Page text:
5 minute read 15 Jul 2021
Young girl on pier looking through binoculars

Think like your stakeholders to build long-term value

By Jim Hsu

EY Americas Vice Chair of the Office of Strategic Execution

Strategy advisor providing insights and clarity into complex challenges. I believe in the power of market forces and data-driven analyses that challenge conventional thinking. Overly proud parent.

5 minute read 15 Jul 2021

Long-term value (LTV) is essential to building a sustainable growth strategy.

Three questions to ask
  • How does stakeholder capitalism — an emphasis on customer, people and societal value, not just financial metrics — compel companies to focus on long-term-value?
  • As the marketplace places more emphasis on nonfinancial metrics, how can companies turn these factors into measurable key performance indicators (KPIs)?
  • How should the C-suite expand to include a broader spectrum of voices in corporate performance and real-world strategy?

In an industry marked by daily price fluctuations, an oil and gas company extended its strategic vision beyond short-term financial outcomes. At a time when the demand for energy has never been higher, a utility company responded to calls for it to manage its environmental footprint and social contribution. Amid unprecedented pressure to focus on preventive medicine, a pharmaceutical company broadened its stakeholder lens to include patients, its people, and the planet, empowering working groups within the company to inform its new purpose-driven strategy.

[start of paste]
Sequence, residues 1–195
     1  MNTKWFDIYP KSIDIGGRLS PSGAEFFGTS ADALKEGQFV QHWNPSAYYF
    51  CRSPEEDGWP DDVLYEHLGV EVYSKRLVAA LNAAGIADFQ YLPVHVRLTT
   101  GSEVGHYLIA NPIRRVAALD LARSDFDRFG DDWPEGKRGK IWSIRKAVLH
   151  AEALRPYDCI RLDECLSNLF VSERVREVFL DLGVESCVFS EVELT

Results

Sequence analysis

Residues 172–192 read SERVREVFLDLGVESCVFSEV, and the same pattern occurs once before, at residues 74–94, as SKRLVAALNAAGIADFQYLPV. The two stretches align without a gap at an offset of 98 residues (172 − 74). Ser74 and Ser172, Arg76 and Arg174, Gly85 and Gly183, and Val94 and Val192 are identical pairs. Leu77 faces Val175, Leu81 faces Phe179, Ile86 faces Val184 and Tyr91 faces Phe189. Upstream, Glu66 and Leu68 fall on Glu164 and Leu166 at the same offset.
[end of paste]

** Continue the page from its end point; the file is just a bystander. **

Each of these companies made these strategic decisions, because their leaders understood that investing in a broader set of stakeholder considerations would have a considerable impact on total enterprise value, access to capital and the talent market for their organizations. This is a long-term value approach to building a growth strategy.

The days of focusing solely on the shareholder are over. Stakeholders evaluate an enterprise by considering its customer value, people value, and societal value, in addition to its financial value — the pillars of the EY long-term value framework. Accordingly, companies are rethinking how to grow their businesses while communicating both purpose and strategy — by focusing on long-term value through the lens of stakeholder capitalism. More traditional strategies that narrowly focus on financial output have become increasingly risky. Long-term value has come of age.

EY Long-Term Value Framework: financial, customer, people and societal value

Considering the four value pillars can improve your strategy

Our long-term value framework aims to answer two key questions for C-suites, boards, and investors:

  • What will drive — or destroy — value for the business in this next era?
  • And how can the business be aligned around a wider, stakeholder-driven agenda?

Of course, executives still must keep an eye on short-term performance. Indeed, for most businesses, running a lean and profitable core is vital to driving transformative investments. But we expect corporations that focus on a broader set of stakeholders will perform better — in the short, medium, and long terms — and will be rewarded in the marketplace with lower costs of capital, better human capital engagement, and, in the long run, differentiated growth in enterprise value.

For example, companies are already taking innovative approaches to improve their environmental impact — a key element of our societal value pillar. We see the business community going beyond the calls of regulators and lawmakers, pushing toward tangible carbon-neutral solutions. In the 23rd edition of the EY survey of market sentiment, the EY Global Capital Confidence Barometer (CCB), 97% of CEOs agree that societal and environmental changes have a critical impact on their companies. Many are making plans to become carbon-neutral by 2050.

Societal and environmental impact


of CEOs responding to the 23rd EY CCB survey agree that societal and environmental changes have a critical impact on their companies.